Each row is fed from a different phase (A, B, and C below), to allow 2- or 3-pole common-trip breakers to have one pole on each phase. In North America, it is common to wire large permanently installed equipment line-to-line. This takes two slots in the panel (two-pole) and gives a voltage of 240 V for split-phase electric power, or 208 V for three-phase power.
The photograph to the right shows the interior of a residential service panelboard manufactured by General Electric. The three service conductors—two 'hot' lines and one neutral—can be seen coming in at the top. The neutral wire is connected to the neutral busbar to the left with all the white wires, and the two hot wires are attached to the main breaker. Below it are the two bus bars carrying the current between the main breaker and the two columns of branch circuit breakers, with each respective circuit's red and black hot wires leading off. Three wires (hot black, neutral white, and bare ground) can be seen exiting the left side of the enclosure running directly to a NEMA 5-15 electrical receptacle with a power cord plugged into it. The incoming bare, stranded ground wire can be seen near the bottom of the neutral bus bar.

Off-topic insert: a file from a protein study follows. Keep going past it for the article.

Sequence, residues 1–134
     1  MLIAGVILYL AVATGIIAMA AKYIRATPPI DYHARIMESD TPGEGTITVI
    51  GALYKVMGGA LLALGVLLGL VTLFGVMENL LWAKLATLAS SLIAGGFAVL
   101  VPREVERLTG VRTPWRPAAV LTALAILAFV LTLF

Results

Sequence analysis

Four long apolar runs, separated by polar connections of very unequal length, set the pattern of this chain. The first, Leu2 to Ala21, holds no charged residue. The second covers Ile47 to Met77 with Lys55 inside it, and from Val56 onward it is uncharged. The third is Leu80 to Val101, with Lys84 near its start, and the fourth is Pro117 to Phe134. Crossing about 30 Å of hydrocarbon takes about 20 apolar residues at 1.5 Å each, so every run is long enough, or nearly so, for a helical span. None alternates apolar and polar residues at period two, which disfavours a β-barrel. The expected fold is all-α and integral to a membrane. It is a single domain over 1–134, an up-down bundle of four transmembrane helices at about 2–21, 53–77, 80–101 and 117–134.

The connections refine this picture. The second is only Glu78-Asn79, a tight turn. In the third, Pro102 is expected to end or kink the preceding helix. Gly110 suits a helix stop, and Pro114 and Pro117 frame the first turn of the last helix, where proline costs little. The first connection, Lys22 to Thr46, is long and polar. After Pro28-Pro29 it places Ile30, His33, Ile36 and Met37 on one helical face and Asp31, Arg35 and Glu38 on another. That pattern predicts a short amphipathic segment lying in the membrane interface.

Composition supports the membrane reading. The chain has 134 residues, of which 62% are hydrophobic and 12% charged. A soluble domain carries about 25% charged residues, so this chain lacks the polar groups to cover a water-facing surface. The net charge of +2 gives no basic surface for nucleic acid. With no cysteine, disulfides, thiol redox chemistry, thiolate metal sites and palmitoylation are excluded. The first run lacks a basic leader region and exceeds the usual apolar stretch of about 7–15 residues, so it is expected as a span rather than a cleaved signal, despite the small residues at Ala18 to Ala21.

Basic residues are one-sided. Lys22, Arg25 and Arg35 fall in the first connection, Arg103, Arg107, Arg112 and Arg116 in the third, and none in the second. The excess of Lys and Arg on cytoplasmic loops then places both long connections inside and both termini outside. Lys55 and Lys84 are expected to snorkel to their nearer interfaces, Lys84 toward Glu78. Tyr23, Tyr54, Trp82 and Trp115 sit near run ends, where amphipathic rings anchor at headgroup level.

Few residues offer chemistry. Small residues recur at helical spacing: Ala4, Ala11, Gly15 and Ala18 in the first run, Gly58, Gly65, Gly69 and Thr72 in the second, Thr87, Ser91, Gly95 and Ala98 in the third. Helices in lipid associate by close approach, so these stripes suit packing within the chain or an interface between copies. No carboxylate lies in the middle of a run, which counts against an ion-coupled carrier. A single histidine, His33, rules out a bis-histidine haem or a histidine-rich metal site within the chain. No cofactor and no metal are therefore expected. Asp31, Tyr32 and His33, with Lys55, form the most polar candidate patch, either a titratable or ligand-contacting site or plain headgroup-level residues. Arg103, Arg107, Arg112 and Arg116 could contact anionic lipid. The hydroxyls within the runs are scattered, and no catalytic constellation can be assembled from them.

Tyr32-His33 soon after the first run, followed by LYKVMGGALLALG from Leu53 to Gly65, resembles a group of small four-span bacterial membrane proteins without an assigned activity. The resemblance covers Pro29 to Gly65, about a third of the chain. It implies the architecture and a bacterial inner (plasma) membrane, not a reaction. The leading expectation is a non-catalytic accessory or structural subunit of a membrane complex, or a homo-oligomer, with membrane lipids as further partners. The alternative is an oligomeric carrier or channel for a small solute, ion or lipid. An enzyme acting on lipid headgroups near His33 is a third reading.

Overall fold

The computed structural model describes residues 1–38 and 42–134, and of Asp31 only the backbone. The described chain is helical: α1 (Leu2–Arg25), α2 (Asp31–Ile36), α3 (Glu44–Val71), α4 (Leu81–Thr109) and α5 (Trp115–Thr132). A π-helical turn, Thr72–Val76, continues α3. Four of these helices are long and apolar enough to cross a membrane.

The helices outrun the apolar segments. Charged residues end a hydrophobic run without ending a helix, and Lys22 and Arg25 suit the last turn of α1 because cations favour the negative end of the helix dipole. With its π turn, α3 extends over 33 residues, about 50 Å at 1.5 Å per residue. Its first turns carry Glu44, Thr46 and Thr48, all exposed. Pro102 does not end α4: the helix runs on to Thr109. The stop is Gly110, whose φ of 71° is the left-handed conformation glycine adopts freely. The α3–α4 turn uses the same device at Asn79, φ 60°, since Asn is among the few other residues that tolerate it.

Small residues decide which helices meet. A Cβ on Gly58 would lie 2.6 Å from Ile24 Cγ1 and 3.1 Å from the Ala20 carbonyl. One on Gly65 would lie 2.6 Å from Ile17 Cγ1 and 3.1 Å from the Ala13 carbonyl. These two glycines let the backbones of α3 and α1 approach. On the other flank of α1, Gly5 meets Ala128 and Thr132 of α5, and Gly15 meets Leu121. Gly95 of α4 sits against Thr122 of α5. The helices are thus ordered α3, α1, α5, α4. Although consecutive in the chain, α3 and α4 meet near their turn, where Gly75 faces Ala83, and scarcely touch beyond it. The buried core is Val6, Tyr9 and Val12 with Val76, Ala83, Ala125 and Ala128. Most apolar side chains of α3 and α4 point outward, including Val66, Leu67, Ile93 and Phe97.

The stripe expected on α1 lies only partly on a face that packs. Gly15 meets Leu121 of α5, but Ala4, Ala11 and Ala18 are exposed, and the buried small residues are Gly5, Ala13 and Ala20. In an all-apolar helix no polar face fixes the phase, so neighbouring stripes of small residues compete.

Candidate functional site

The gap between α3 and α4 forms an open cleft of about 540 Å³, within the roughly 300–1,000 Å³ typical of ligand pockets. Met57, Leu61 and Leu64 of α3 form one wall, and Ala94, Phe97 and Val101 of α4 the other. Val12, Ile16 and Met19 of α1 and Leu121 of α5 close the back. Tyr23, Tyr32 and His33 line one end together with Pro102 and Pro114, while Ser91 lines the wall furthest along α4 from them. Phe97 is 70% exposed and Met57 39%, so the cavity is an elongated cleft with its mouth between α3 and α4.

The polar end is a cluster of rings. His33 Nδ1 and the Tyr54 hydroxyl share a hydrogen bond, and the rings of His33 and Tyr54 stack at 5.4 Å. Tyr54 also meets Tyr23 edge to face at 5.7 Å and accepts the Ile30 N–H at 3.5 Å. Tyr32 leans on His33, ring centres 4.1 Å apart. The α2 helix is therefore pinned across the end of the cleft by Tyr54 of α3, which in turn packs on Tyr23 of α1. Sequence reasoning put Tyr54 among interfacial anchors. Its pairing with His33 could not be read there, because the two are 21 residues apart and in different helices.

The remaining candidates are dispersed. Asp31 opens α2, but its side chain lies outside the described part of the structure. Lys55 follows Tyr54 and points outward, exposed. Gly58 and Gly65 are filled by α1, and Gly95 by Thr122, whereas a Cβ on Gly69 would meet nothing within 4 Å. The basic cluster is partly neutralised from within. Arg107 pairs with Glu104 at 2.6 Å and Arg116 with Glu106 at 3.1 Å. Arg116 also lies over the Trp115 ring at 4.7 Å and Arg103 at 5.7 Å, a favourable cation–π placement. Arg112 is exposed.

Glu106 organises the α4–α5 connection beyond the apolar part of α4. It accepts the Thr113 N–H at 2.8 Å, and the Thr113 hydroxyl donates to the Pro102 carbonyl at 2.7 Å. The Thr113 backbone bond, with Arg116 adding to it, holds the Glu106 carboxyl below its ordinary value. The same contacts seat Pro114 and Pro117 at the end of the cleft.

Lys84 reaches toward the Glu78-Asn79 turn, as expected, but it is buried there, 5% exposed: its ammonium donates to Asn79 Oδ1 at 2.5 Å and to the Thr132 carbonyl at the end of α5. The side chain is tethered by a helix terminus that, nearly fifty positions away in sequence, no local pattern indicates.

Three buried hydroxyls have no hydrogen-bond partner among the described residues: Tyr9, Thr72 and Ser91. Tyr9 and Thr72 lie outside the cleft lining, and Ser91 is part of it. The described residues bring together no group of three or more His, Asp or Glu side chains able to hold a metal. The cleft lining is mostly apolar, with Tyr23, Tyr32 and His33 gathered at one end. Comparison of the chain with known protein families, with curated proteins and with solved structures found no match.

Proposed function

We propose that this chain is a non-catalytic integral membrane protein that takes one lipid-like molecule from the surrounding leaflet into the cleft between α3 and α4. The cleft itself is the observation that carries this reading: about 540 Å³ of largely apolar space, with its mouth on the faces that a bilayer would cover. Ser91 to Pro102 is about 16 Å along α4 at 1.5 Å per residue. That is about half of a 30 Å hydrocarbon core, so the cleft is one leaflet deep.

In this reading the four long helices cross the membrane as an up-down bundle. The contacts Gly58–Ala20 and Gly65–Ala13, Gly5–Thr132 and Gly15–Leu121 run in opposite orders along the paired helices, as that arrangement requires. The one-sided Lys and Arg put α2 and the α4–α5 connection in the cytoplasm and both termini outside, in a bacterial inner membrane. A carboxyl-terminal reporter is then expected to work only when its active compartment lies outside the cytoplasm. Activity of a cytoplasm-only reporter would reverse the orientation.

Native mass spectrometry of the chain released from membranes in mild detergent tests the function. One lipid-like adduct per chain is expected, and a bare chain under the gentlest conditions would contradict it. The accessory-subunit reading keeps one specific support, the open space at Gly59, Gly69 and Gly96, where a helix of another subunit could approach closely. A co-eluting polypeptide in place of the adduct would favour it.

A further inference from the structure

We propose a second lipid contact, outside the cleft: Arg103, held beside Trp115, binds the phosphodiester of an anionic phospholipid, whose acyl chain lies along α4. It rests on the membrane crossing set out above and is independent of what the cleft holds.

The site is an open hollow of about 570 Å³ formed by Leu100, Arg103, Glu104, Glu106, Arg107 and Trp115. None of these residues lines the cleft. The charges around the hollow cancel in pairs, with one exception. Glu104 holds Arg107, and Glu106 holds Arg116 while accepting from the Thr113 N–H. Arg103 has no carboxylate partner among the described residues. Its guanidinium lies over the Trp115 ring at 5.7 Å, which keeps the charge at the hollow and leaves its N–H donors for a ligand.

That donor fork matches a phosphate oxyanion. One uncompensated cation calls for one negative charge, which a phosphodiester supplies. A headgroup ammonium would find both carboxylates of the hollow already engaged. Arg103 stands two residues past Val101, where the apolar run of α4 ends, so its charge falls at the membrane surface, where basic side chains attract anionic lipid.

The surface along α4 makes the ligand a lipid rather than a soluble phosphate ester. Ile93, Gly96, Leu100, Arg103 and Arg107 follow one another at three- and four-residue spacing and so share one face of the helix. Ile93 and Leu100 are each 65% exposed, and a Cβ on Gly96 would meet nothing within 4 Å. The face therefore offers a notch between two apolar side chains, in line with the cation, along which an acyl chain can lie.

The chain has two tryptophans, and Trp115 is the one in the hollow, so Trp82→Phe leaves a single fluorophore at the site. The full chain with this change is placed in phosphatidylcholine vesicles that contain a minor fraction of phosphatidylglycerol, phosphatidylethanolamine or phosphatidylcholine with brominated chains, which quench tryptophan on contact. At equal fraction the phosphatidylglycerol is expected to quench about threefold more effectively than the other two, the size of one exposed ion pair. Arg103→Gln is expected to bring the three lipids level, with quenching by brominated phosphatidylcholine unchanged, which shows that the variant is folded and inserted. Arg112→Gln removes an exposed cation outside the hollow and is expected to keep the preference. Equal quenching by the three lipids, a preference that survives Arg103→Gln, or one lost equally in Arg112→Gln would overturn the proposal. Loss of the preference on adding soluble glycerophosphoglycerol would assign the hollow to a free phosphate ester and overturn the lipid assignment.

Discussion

The photograph on the left shows a dual panel configuration: a main panel on the right (with front cover in place) and a subpanel on the left (with cover removed). The subpanel is fed by two large hot wires and a neutral wire running through the angled conduit near the top of the panels. This configuration appears to display three violations of the current U.S. National Electric Code: the main panel does not have a grounding conductor (here it is fed through the subpanel instead), the connection between the main and subpanel lacks a grounding conductor (it must have four wires instead of three), and the subpanel neutral bar is bonded to the ground bar (these should be separate bars after the first service disconnect, which in this case is the main panel).
A common design of fuse box that was featured in homes built from 1940 to 1965 was the 60-amp fuse box that featured four plug fuses (i.e. Edison base) for branch circuits and one or more fuse blocks containing cartridge fuses for purposes such as major appliance circuits. After 1965, the more substantial 100 A panel with three-wire (230 V) service became common; a fuse box could have fuse blocks for the main shut-off and an electric range circuit plus a number of plug fuses (Edison base or Type S) for individual circuits.